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ffffg said:
If you want to screw it up make the end of the choke larger than a point previous to it.. that is the choke must either be level, or decreasing in diameter as it exits the bore or you can get blowby.. Im not talking about a jugchoke, im talking about a choke which is in the last 1 1/2 inches (or less of the barrel).. When you have reached level with the bore you have moved it as far as the choke will alow..
And what do you think Beretta and the other European manufacturers are doing with their "Reverse" chokes? Their "skeet" chokes are made in just this manner! Over bore. Tapered outwards from cylinder bore. Like a Blunderbuss, on a smaller scale!

Blow by? More blow by than when it simply exits the end of the barrel? Or when the charge "takes a jump" in a Cutts Compensator, or other such chokes. What about "blow by" in a jugchoke? The Russian Tula chokes, a glorified and enlarged jugchoke, were designed to work with fiber wads, and let plenty of "blow by", fly by! :roll:

In my opinion, reverse chokes do nothing more, (or less), than it would, IF one cut the barrel completely off at the point of cylinder bore!

Jugs, Cutts, etc. and actually standard screw in chokes bring the shot charge back in a little bit, after it expands in the jug, open area or the larger than normal bore diameter at the very mouth of every screw in choke, except for special custom fitted to individual bores chokes!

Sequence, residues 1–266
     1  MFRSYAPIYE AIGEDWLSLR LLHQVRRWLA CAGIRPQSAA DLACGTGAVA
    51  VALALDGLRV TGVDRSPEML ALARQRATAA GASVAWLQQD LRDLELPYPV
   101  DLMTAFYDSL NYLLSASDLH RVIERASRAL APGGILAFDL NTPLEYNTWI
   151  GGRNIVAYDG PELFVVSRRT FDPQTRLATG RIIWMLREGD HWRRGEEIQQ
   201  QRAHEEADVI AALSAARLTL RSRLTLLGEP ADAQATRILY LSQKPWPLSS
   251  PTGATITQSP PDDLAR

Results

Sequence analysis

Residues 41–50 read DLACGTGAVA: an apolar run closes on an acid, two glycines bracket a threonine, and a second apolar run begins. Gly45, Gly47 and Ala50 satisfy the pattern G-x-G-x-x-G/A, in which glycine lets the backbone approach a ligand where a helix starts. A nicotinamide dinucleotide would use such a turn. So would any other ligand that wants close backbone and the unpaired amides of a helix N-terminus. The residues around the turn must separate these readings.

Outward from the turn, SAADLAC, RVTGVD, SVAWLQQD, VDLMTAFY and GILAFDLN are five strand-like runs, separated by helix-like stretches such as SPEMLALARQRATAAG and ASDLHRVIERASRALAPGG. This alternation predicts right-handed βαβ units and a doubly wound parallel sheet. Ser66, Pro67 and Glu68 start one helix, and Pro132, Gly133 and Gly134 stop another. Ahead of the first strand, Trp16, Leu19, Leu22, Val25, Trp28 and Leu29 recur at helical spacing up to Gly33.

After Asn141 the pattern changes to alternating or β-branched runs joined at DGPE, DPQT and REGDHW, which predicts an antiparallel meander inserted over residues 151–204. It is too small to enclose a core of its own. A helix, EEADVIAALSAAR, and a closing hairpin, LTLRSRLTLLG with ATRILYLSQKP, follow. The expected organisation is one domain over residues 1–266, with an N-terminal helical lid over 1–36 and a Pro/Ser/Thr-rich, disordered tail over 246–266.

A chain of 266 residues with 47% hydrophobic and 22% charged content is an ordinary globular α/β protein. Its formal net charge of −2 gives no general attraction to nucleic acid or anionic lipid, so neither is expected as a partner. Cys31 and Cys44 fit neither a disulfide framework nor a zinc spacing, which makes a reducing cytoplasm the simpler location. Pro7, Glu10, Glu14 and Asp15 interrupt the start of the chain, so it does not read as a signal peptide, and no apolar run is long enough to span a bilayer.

Clyde
 

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I seem to recall hearing somewhere (probably on here) that Ithaca made a run of M37s with oval shaped "duck-bill" chokes designed to shoot a wide horizontal pattern for jungle clearing in Vietnam. Supposedly they patterned horribly and were soon discontinued.
 

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Back in the long ago late '50's Armalite made such chokes for an, I think, all aluminum shotgun of their manufacture. These were screw on - as opposed to screw in - chokes. They could be had in two aspect ratios: 2:1 and 4:1. According to the article and pictures I read, they worked well. I remember a pattern shot with two loads fired with the shotgun right side up and then sideways. The result was an "X" on the pattern sheet.